The political layers beneath Melbourne’s poorly timed decision to apply for a 2014 priority pick appear as complex as the national draft that the AFL is working to simplify.
On the face of it, the Demons looked a little foolish on Monday. Dare we say but the strategy indicated a lack of direction as stark as the horror show that unfolded at the MCG against Greater Western Sydney last Sunday.
The club put its hand up for compensation barely one week after coach Paul Roos had pointed his finger at a system that rewarded mediocrity in discussing how tanking for draft picks had poisoned Melbourne’s culture.
Added to which Melbourne has already received a direct line of seven-figure funding from head office to pay out a series of unworkable contracts, a chief executive installed by the AFL and the highest-paid coach in the competition.
The scenario added up to one as ill-judged as last-year’s priority pick bid, which came less than a year after Melbourne was punished for tanking.
Not only is the AFL attempting to create a more even draft but football boss Mark Evans made it clear this week that the priority selection had been retained only for use in dire circumstances – more drastic than that facing the hapless Demons. Evans even referred to human tragedies such as the death of a player.
The AFL Commission meets on Monday but the indications are that this comes too soon for Melbourne to be an agenda item. More realistically, the Demons will push their case when the commission meets next month during grand final week.
The club has argued it now boasts a more stable and better-qualified environment to make better use of any improvement to its list. Certainly Roos has extended his commitment to the end of 2016 and the club is interviewing candidates with a view to succession planning beyond Roos.
But Peter Jackson’s future as CEO remains unclear. Contractually his time is up in October and it seems bizarre that the club would apply for a priority pick in a less than stable administrative environment. Club president Glen Bartlett told The Age: ‘‘We’re in talks at the moment but we won’t be making any further comment on contracts.’’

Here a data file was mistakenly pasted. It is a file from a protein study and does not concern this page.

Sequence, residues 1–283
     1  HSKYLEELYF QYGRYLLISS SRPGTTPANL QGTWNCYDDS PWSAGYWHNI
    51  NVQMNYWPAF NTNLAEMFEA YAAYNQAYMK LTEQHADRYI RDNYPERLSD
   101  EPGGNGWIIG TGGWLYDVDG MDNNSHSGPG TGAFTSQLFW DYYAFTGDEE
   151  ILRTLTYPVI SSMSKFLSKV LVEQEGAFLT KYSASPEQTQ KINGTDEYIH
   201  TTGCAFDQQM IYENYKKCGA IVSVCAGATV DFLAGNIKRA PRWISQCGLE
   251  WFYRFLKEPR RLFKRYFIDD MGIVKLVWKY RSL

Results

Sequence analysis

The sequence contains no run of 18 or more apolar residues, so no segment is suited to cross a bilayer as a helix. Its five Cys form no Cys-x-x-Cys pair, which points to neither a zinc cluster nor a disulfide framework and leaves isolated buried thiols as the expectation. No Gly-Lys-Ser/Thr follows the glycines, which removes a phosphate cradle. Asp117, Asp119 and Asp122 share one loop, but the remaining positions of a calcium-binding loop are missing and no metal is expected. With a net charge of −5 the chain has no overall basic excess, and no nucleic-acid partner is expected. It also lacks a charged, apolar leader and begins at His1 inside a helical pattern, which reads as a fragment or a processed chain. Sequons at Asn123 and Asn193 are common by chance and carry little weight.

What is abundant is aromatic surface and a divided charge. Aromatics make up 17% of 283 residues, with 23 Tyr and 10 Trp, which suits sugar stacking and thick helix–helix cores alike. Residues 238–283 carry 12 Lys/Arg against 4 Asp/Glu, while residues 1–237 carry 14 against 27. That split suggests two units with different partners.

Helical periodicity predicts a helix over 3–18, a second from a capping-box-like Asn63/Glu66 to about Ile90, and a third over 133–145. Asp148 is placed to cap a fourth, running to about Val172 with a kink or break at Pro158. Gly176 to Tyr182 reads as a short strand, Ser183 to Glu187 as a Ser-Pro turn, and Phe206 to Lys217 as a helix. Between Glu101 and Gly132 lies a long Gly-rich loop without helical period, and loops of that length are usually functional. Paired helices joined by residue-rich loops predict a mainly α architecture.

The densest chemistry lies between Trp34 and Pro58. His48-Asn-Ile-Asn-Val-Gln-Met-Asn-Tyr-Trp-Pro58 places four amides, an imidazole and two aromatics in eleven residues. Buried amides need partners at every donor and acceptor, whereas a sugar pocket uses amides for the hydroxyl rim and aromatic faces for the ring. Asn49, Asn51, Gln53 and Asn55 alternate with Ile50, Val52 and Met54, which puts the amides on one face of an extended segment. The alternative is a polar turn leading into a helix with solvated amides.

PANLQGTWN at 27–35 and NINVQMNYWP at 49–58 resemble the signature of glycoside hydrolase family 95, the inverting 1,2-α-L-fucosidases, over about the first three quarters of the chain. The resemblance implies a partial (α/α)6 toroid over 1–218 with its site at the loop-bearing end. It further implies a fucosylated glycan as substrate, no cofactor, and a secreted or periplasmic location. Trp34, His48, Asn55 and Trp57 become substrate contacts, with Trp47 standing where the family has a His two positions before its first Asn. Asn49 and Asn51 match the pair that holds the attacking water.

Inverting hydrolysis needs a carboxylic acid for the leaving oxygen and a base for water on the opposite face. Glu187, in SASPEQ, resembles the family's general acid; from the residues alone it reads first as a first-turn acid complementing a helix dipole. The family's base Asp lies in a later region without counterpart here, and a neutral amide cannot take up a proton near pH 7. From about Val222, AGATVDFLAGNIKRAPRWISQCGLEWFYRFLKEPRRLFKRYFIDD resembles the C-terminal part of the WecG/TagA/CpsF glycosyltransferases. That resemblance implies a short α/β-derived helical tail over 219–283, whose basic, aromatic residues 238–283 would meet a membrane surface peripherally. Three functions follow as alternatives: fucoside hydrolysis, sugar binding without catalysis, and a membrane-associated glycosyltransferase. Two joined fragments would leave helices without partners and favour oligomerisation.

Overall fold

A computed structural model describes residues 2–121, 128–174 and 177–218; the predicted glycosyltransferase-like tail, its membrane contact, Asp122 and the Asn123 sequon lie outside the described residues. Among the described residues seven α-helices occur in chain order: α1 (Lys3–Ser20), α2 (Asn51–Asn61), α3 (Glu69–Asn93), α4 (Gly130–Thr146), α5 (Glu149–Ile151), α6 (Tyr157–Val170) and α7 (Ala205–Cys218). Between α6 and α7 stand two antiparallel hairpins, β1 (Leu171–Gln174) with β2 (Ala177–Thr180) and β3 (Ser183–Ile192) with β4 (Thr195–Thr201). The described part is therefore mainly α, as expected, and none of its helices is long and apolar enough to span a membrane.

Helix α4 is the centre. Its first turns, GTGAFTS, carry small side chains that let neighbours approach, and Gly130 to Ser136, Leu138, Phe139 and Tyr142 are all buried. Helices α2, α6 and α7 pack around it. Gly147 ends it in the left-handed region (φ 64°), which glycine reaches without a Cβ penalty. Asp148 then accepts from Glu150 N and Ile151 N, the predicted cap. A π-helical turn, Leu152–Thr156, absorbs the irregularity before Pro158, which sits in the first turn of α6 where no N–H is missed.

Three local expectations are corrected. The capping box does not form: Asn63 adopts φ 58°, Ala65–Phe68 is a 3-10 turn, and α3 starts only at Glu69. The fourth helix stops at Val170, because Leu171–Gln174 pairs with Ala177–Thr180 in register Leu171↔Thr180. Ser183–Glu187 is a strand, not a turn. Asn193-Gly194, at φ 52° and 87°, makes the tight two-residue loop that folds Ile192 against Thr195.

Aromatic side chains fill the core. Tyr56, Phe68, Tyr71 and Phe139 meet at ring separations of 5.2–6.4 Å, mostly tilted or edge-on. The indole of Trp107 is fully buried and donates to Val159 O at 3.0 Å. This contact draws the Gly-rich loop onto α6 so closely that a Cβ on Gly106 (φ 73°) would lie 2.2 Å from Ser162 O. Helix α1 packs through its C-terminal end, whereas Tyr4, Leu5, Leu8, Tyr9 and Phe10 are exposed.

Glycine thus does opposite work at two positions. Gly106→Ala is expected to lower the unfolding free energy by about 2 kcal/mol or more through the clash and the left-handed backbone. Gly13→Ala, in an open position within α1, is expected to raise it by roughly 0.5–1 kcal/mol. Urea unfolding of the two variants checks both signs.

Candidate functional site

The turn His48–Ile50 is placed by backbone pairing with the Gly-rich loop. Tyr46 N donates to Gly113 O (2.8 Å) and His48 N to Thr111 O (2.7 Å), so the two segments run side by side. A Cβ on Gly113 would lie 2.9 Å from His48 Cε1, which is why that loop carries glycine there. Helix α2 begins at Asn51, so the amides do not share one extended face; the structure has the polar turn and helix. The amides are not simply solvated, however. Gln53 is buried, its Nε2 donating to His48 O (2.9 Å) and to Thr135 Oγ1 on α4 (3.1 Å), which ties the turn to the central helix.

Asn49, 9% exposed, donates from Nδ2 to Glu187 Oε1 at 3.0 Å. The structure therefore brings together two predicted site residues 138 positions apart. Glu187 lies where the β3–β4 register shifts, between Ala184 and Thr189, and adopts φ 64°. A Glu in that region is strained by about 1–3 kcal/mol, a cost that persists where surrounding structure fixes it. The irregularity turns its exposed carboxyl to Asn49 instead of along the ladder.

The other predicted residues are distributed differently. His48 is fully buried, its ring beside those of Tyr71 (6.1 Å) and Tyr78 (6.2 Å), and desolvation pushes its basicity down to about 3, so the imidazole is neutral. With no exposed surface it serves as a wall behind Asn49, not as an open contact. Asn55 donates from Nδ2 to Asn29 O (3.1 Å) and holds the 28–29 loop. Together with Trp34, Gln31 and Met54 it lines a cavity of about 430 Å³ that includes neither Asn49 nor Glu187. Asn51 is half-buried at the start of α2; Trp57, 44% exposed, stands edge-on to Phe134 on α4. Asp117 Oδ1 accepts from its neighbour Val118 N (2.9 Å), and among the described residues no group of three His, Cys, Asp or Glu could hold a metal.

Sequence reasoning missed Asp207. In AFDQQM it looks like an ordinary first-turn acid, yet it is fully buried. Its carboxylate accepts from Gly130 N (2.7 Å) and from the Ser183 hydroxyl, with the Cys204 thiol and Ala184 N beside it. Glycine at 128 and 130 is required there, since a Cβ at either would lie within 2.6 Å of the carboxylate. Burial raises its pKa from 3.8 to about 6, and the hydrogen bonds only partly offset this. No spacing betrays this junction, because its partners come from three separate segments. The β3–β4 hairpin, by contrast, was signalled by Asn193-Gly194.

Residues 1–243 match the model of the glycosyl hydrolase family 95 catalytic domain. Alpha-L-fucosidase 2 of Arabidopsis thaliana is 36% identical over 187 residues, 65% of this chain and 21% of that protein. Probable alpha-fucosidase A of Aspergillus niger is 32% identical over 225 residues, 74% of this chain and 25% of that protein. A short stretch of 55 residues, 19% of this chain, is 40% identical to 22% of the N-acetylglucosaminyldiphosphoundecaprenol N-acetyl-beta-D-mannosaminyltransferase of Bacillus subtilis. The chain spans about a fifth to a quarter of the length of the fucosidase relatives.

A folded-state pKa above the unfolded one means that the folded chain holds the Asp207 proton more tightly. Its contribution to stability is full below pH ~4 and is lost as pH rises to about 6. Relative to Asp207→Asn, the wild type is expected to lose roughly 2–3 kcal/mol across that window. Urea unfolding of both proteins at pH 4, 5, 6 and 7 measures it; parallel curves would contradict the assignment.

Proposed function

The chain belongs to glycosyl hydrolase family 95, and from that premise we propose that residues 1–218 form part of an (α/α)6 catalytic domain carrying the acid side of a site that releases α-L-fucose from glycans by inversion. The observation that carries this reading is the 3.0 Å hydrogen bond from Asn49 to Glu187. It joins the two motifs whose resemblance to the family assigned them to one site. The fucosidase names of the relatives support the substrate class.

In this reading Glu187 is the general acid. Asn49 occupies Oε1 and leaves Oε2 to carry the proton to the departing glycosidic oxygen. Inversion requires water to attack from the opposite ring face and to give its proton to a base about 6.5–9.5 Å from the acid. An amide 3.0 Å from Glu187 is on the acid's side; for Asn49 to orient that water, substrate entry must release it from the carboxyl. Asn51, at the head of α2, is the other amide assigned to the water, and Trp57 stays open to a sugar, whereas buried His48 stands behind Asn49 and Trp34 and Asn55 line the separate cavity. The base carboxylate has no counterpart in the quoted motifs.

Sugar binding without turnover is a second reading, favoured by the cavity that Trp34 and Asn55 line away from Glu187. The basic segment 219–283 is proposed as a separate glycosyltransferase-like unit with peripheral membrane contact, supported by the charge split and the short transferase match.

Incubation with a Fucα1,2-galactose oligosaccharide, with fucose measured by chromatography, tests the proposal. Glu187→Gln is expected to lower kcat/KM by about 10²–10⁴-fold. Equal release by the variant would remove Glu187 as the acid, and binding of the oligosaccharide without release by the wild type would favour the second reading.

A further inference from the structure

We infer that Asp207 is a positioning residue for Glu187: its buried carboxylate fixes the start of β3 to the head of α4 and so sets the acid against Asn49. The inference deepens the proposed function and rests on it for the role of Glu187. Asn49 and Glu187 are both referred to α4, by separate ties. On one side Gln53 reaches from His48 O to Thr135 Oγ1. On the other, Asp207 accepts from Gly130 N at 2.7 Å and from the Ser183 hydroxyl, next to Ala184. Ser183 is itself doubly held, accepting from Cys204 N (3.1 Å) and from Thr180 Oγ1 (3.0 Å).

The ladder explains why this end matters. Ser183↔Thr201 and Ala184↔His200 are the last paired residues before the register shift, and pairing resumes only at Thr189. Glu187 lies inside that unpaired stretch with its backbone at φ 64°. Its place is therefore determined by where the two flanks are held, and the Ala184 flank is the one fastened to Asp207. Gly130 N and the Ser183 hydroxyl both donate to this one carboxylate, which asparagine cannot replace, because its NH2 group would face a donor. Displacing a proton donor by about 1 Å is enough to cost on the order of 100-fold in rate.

Jackson has said he, too, hoped to put in place an executive succession plan, with a strong internal candidate as Melbourne’s next CEO once his time was up. He did as much at Essendon with Travis Auld, but the club chose to head-hunt Ian Robson instead and Auld is now headed for a top job at the AFL via a successful five years as boss of Gold Coast.
It would make sense that Jackson remained along with Roos and surely that situation will be made clear either way by the time the commission deliberates on the priority pick bid. No one at Melbourne appears prepared to explain the delay over a decision on Jackson.
And the plot thickens with the impending departure of James Frawley. It now appears that the Demons will lose their key defender for little in the way of compensation just months after losing their big forward Mitch Clark – Melbourne traded pick No.12 to secure him – to a long-term illness for no compensation.
If it is correct that Frawley could finish up at Geelong or Hawthorn for a similar contract to that which Melbourne is offering, then it is no wonder free agency is on the nose. All the coaches who attended AFL chief Gillon McLachlan’s dinner last month made their disdain known for the system. The gap between the rich and poor clubs will surely widen if the trend of players leaving bottom-four clubs for top-four clubs for similar money continues.
Worse for Melbourne is the fact that Frawley’s past and future contracts could be structured in a manner that would earn the club relatively poor compensation and not the automatic first-round choice that has been mooted.
The evidence is mounting there is more than meets the eye in Melbourne’s decision to put forward what seemed an audacious and seemingly ambit bid for list improvement off the back of a second hopeless on-field performance. This seems as much about compensation for Frawley and even Clark as it does about a priority pick.